Sending out phishing e-mails from

Einstein was right! (Probably)

This is a short writeup about a vulnerability I reported to two months ago, describing a HTML injection issue affecting one of their services called “Microsoft Stream”. Since the vulnerability won’t be patched, quote:

“MSRC is no longer tracking this due to its severity and impact. We have closed this case.”

I’m gonna describe the details and the impact on the customer for educational purpose. This issue is still unpatched and could be exploited or further researched.

It was a rainy evening and I though I might give the Microsoft bug-bounty program a try. After preparing my toolset (some custom Python-scripts, Burpsuite and a local webserver used for documentation) I logged myself into an old Microsoft-account and searched for a target.

Never heard of, never used it, never heard anybody using it, sounds good! And it was indeed good. Good programmed using REST-ful API’s (depending on your location: EU, Asia, US) to communicate via XMLHttp-based requests to a token-secured with different authentication-headers equipped backend architecture which validated every char of my request. “No way this application is insecure” I thought to myself.

My methodology is always the same, on every target I try to follow these global steps to ensure some success:

  • Reconnaissance (to huge to go into detail here)
  • Determine the correct application-logic
  • Try to bypass the application-logic in any way (not only security-related)
  • Take note about “bugs” aka application-errors
  • Try to expand this functional errors “bugs” to security related issues
  • Try to exploit these security issues
  • Try to prove some impact (low; medium; high)
  • Try to expand the impact by chaining different issues or bugs (heterogeneous)

In the case of “Microsoft Stream” I was greeted with “thousands” of parameters and different API’s so I focused on the file-upload, the core-function. After understanding the logic behind the different parameters I used my Python-fuzzer (probably will it release soon; to fuzz the different parameters displaying correlations or differences between valid and invalid input based on the HTTP response and the request-time.

I hammered the backend by using different strings and payloads referring different attack vectors and noticed two (later) important things:

  1. HTML is accepted by the API but rendered back encoded, e.g.: <h1>Hello world!</h1>is a valid string for a video-title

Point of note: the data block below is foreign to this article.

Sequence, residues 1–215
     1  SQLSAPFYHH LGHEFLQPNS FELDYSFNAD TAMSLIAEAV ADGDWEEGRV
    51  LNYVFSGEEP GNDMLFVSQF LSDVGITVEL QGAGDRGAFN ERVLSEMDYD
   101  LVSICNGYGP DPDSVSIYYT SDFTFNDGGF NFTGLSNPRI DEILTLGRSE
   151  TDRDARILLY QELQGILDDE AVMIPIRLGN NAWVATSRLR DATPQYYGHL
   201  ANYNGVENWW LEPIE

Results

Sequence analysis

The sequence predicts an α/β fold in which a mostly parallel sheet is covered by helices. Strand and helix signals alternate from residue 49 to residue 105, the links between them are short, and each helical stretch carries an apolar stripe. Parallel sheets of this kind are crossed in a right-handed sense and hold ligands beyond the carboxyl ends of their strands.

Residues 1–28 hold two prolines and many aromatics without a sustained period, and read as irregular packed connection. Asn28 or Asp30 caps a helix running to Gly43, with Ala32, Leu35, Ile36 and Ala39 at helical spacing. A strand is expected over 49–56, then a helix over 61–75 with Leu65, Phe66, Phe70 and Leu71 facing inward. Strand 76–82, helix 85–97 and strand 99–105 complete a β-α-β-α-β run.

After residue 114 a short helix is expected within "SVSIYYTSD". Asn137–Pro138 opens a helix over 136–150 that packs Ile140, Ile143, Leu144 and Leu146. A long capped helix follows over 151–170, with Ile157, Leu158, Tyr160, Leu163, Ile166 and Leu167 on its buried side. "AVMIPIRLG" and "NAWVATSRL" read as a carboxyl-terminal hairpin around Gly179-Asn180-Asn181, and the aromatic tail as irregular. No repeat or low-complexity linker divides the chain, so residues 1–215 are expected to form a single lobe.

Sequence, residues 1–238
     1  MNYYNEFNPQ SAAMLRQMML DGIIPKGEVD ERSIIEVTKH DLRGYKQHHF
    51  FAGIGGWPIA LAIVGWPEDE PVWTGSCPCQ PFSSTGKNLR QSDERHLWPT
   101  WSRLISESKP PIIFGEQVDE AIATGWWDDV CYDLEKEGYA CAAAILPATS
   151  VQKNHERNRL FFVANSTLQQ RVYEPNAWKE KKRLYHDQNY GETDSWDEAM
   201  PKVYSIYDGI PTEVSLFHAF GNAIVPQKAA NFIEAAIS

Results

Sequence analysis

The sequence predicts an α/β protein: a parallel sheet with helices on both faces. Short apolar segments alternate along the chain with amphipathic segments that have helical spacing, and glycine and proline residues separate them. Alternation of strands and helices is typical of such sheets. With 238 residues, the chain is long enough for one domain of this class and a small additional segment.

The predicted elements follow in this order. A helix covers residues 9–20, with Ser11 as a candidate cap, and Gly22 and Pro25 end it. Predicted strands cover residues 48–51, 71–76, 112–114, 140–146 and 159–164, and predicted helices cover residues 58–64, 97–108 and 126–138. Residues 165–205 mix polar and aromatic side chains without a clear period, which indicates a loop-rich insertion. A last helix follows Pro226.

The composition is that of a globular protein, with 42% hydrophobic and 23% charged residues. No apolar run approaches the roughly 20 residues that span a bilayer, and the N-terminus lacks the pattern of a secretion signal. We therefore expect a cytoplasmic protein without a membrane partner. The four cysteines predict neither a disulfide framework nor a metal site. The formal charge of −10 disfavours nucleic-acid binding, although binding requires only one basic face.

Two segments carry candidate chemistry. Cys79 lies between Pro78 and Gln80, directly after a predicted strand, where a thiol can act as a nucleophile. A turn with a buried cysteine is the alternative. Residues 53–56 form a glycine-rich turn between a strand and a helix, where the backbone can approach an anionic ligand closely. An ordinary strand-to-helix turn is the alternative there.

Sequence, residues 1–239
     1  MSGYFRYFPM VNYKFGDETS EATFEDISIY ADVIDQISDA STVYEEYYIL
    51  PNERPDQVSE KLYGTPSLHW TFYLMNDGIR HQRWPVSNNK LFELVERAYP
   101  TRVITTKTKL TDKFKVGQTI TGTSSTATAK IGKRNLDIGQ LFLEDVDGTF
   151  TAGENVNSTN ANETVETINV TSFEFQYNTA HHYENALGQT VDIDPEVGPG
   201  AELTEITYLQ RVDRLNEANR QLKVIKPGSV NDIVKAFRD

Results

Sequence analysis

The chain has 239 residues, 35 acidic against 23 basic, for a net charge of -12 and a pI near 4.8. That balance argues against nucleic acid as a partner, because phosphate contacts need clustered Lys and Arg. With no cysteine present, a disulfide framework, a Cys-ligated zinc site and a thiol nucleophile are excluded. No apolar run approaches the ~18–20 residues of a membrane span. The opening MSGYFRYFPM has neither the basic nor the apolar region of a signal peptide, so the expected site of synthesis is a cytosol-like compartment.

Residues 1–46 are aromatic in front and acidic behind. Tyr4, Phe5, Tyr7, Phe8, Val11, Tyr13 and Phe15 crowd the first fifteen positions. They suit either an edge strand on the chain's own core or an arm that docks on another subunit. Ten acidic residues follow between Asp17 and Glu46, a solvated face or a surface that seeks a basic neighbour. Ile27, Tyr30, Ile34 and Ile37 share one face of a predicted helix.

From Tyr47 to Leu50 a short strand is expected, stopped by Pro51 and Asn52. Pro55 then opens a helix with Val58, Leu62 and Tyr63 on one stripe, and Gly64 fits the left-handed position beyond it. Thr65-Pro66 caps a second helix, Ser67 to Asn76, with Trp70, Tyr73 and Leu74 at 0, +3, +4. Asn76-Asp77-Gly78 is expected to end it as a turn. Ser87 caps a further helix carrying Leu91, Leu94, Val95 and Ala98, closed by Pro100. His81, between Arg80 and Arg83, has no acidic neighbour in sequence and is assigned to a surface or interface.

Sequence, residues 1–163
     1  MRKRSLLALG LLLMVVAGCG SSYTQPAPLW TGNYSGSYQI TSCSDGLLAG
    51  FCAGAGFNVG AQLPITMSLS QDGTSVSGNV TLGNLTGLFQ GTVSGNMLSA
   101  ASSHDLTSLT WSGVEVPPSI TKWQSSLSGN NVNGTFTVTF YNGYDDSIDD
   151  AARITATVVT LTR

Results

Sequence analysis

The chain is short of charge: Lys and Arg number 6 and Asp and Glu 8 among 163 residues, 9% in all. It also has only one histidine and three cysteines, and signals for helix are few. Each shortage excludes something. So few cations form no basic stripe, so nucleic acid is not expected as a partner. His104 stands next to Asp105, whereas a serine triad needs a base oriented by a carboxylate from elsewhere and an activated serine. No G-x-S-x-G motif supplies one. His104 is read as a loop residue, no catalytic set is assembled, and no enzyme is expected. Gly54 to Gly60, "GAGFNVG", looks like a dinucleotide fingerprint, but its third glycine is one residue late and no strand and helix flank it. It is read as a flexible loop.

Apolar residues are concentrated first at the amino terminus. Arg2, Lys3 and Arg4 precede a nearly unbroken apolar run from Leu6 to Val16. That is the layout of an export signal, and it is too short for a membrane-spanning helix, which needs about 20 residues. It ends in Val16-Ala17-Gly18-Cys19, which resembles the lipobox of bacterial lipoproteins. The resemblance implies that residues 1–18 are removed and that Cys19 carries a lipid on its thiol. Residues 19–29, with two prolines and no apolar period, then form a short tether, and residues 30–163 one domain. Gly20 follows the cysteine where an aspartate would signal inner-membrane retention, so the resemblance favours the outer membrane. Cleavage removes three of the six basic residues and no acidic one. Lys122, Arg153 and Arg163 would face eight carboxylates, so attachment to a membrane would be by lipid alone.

2. Unicode is being interpreted by the API which allows to inject different spaces and whiteblocks disregarding the char-limit (1 Unicode = 1 Char)

But yeah, no reflection no anomaly or any error disregarding the correct and flawless error-handling pumped up with JavaScript functionality. I lost the game, time-wasted, no motivation and went to bed.

The morning after I sat to to my desk and checked my e-mails (as I do mostly every day). * Sigh* I got a lot of new mails all from describing that my uploaded video was rendered successfully “bla bla”. Then I noticed something and my stair began to rotate 360 degrees. The title <h1>Hello world!</h1> was being executed, the HTML being rendered inside the e-mail.


Jackpot (kinda…; for me it was after the waste of time). I immediately revisited the edit-video page, re-checked the “Share your video” functionality and crafted a proof of concept and submitted it to the “Microsoft Security Response Center”:

Well yeah.. It was quick and dirty..

I found a valid bug on a top notch coded Microsoft service! Abusing a domain for phishing purposes. The feeling was incredible

* Try to feel what I felt, let it take effect *

until Gaurav moved my report to N/A.

Ah yeah.. They argued that the mail was named after the payload and therefore it was easy to spot the phishing attempt. I lost my motivation and kicked the mail to /archive.

The next days I was talking with a fellow student of mine about the incident and remembered the char limit. After I went from university to my home I immediately re-checked the issue and crafted a new PoC:

```Hi loveley lady, it’s microsoft\u0020\u00a0\u0020\u205f\u0020\u205f\u00a0\u0020\<h1>HACKED AND ABUSED</h1>```

It worked! The combination of whiteblocks and spaces pushed my payload to the right of the sidebar (I was using an instance of “Microsoft Outlook”) , showing only the “legit” title of the e-mail.

Although the guys on Microsoft doesn’t saw any security impact and notified me again that the vulnerability is classified low and won’t be fixed. I don’t think this is a good idea because there might be more to discover and break the actual HTML context, spoofing the HTML itself. This method could be also used to craft extremely efficient spear-phishing mails, whatever.

You can read the original report here (I’ve added second PoC out of the e-mail conversation):

I hope you enjoyed this short article, feel free to question me at: